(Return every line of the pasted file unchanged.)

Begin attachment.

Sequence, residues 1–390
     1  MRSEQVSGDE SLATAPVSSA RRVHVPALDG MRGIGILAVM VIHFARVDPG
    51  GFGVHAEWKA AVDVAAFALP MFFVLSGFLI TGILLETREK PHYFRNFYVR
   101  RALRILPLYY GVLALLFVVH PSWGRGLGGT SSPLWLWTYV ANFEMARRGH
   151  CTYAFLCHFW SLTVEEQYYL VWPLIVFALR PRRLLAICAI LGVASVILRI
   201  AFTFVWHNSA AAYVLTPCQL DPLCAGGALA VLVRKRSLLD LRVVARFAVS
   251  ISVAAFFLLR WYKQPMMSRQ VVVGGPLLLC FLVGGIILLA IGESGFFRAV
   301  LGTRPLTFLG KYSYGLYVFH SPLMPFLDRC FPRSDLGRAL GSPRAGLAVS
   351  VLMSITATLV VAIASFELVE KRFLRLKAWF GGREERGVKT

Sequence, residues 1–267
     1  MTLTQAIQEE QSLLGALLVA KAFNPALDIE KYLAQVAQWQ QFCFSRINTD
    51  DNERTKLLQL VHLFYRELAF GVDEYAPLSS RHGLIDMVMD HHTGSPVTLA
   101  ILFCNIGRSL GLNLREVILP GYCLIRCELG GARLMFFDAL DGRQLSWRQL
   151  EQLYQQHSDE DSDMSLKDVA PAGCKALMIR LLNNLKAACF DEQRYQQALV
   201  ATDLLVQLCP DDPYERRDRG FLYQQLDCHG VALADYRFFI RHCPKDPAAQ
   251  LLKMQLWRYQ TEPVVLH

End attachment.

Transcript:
Sequence, residues 1–390
     1  MRSEQVSGDE SLATAPVSSA RRVHVPALDG MRGIGILAVM VIHFARVDPG
    51  GFGVHAEWKA AVDVAAFALP MFFVLSGFLI TGILLETREK PHYFRNFYVR
   101  RALRILPLYY GVLALLFVVH PSWGRGLGGT SSPLWLWTYV ANFEMARRGH
   151  CTYAFLCHFW SLTVEEQYYL VWPLIVFALR PRRLLAICAI LGVASVILRI
   201  AFTFVWHNSA AAYVLTPCQL DPLCAGGALA VLVRKRSLLD LRVVARFAVS
   251  ISVAAFFLLR WYKQPMMSRQ VVVGGPLLLC FLVGGIILLA IGESGFFRAV
   301  LGTRPLTFLG KYSYGLYVFH SPLMPFLDRC FPRSDLGRAL GSPRAGLAVS
   351  VLMSITATLV VAIASFELVE KRFLRLKAWF GGREERGVKT

Sequence, residues 1–267
     1  MTLTQAIQEE QSLLGALLVA KAFNPALDIE KYLAQVAQWQ QFCFSRINTD
    51  DNERTKLLQL VHLFYRELAF GVDEYAPLSS RHGLIDMVMD HHTGSPVTLA
   101  ILFCNIGRSL GLNLREVILP GYCLIRCELG GARLMFFDAL DGRQLSWRQL
   151  EQLYQQHSDE DSDMSLKDVA PAGCKALMIR LLNNLKAACF DEQRYQQALV
   201  ATDLLVQLCP DDPYERRDRG FLYQQLDCHG VALADYRFFI RHCPKDPAAQ
   251  LLKMQLWRYQ TEPVVLH